The best way to combat these pathologies was demonstrated by Israel when it provided its Black Jews with injections of Depo-Provera, a powerful contraceptive. By contrast, the millions of pounds given to Kids Company served merely to increase Black pathologies in Britain. Kids Company funded drug-taking, facilitated immigration from Africa and the Caribbean, and subsidized the birth of more Blacks with low average IQs and high average levels of aggression and criminality. Camila was always ready to assist the vast state apparatus of lies, deceit and legal threat that forces British Whites to “celebrate” their enrichment by murderers, rapists and fraudsters from the Third World.

Clowns and Crooks

The credulity and minority worship that facilitated Camila’s nineteen years of fraud are found everywhere in modern British. Sir Peter Fahy, chief constable of Greater Manchester police, has just expressed concern to the Guardian about the government’s latest “anti-extremism” plans. He thinks they threaten “British values” and may further alienate Britain’s vibrant Muslim community. The Guardian report went on:

The GMP [Greater Manchester Police] boss is not the only police chief to have told the Guardian of concerns about the new extremism plans. Another senior officer, who asked not to be named, warned they risk damaging an effort of over a decade to isolate those advocating violence from the vast majority in their communities. “I’m not sure [this has] been thought through at all,” the officer said, adding: “The last 10 years we have been trying to drive a wedge between violent extremists and mainstream Muslims.” (Anti-extremism drive puts British values at risk, says police chief, The Guardian, 19th October 2015)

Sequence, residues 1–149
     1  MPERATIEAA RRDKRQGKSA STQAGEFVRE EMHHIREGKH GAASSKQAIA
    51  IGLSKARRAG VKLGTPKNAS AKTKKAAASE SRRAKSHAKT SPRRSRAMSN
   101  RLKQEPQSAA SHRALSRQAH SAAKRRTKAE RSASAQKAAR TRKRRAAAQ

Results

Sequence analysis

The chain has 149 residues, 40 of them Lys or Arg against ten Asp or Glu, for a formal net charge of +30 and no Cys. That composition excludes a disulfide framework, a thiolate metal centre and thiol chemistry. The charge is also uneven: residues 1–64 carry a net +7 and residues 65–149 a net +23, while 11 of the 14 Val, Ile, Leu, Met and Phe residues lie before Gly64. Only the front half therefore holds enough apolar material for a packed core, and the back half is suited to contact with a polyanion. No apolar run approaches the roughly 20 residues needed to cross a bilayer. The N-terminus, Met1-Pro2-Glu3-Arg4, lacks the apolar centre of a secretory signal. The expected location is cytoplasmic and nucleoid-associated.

Why do we need to “drive a wedge” between “violent extremists” and the “vast majority” of “mainstream Muslims”? Aren’t we constantly told that mainstream Muslims abhor violence and utterly reject the perverted teachings of Islamic State? Yes, we are told that, but it’s a lie: “around half of Britain’s three million Muslims could be ISIS [Islamic State] sympathisers.” Camila Batmanghelidjh and her fraudulent charity are one small symptom of a much more serious disease. She flourished not despite being a clown and a crook, but because she is a clown and a crook. That’s why Britain’s liberal elite embraced her so warmly. She was a woman after their own hearts.